Use the htpasswd  command to create a password file for security purposes. Apache will use this password file to authenticate verified users. Navigate to the /etc/apache2 directory and create a confidential file called .htpasswd.

To create the necessary .htpasswd file, use the -c option the first time you use this password security utility. Next, specify the username at the end of the command to list a new entry within the file. After that, replace the username nick (used in this tutorial) with your username:

Next, you will be asked to provide and verify the user’s password.

Continue reading this tutorial to learn more about setting up and configuring password authentication with Apache on Ubuntu 20.04.

  1. Add MIME Types

Classification of files used on the Internet is effortless using Multi-Purpose Internet Mail Extensions (MIME) type. In several scenarios where a website fails to deliver a specific file, adding extensions does the job. Use the following code to add Multipurpose Internet Mail Extensions (MIME) types to your Apache server in the .htaccess file:

Note: In our guide, we have an audio file MIME type. Replace the application and file extension with your targeted MIME type. Additionally, ensure that the virtual host configuration and the .htaccess file’s location directory are able to use the AddType directive. Otherwise, you will get a 500 Internal Server Error.

  1. Server Side Includes(SSI)

SSIs are directives that feed dynamic content to an HTML page. It is used for updating a large number of pages with some specific data without the need to update each page explicitly.

In the HTML files, the Server Side Includes SSI is disabled by default. Add the following code to your .htaccess file to enable SSI:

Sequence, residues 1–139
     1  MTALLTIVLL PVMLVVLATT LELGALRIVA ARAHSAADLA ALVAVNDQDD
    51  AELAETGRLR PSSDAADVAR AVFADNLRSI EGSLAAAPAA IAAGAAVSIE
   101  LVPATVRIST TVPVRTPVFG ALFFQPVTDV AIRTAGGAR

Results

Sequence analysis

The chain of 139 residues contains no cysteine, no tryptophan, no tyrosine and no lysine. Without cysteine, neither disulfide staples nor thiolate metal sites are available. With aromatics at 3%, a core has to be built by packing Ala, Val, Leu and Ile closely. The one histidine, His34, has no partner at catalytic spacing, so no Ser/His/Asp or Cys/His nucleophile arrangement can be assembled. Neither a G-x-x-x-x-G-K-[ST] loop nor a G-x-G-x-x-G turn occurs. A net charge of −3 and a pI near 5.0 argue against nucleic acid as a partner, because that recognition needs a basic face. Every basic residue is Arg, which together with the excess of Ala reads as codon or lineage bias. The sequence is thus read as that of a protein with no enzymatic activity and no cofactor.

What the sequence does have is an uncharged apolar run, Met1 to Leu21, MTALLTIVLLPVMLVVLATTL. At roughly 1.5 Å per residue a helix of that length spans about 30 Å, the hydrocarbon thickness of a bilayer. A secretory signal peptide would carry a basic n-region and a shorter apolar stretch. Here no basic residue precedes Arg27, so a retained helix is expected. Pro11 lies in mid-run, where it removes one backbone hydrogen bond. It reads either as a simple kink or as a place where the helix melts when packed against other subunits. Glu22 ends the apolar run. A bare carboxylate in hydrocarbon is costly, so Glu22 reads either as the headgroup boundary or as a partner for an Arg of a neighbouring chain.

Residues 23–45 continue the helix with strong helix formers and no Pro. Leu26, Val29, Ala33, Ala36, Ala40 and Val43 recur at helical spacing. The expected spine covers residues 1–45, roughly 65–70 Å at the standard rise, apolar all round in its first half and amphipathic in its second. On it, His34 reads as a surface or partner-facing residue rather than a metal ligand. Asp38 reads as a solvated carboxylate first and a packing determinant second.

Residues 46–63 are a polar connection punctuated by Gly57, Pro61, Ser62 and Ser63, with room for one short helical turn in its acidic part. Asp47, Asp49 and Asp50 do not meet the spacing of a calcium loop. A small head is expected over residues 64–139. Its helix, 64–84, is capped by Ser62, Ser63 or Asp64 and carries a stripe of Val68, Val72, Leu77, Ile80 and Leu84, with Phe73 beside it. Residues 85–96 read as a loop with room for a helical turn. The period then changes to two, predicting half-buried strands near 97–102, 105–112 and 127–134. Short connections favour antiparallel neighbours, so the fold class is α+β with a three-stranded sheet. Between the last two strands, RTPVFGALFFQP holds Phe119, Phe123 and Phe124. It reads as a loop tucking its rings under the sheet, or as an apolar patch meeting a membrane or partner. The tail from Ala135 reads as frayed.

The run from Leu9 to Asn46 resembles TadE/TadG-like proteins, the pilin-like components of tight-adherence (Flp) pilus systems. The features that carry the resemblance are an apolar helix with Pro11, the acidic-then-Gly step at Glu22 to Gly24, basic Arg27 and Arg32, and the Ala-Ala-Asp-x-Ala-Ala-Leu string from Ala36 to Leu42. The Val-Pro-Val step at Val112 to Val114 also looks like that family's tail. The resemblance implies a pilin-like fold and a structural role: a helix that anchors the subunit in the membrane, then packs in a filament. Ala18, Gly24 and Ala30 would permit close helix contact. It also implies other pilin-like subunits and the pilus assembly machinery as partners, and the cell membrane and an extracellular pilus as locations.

The above lines first validate the .shtml files. The confirmation is then sent to the .htaccess file whilst allowing the server to parse all .shtml files.

Alternatively, you can use the XBitHack to parse multiple .html contents instead of renaming the .shtml extensions one by one. Add the following line to the .htaccess file to use XbitHAck and request Apache to check all the .html files:

Next, you need to change permission to pass the page eligibility to use XBitHack. Use the following chmod command to do this:

  1. Manage IP address

Sometimes, you may aim to block an IP or a range of IP addresses visiting your site for security purposes. Insert the following lines of code into your .htaccess file to restrict the targeted IP:

Use a separate line for blocking more than one IP:

Besides, you can block domains from accessing your website. Restrict a specific domain by adding the following line of code to the .htaccess file:

Order Deny, Allow Deny from www.blockdomain.com (where www.blockdomain.com is a specific domain)

Red Flags of Using .htaccess

Intext 2 Red Flags Of Using .htaccess 300x157Adding a .htaccess file is undeniably a smart move to configure your website and make it user-friendly. However, any modifications done in the configuration settings come with other costs packed with it. Let’s check some compelling reasons suggesting why you must not use the .htaccess file:

i. Performance Loss: Every time a server scans a page directory and its .htaccess file, the page loads. As a result speed and performance loss becomes a prime concern.

ii. Security: Access to .htaccess files gives full control over server configuration. That means any unauthorized user who gets .htaccess access to the .htaccess file, which in turn leads to potential security risks.

iii. Accessibility: The .htaccess files must be handled with utmost care and attention. If there are any errors in the .htaccess file, it can bring the entire website down.


In this guide, we got a comprehensive idea of enabling, creating, and using a .htaccess file. We discussed the use case when and where the .htaccess file must be used. Leverage .htaccess files to safeguard your website and protect it against attack. However, there are several pitfalls of using this configuration file that must not be ignored. In a nutshell, use the .htaccess files depending upon your server’s usage and user’s access needs.

Furthermore, there are other networking tutorials that you can find on our blog: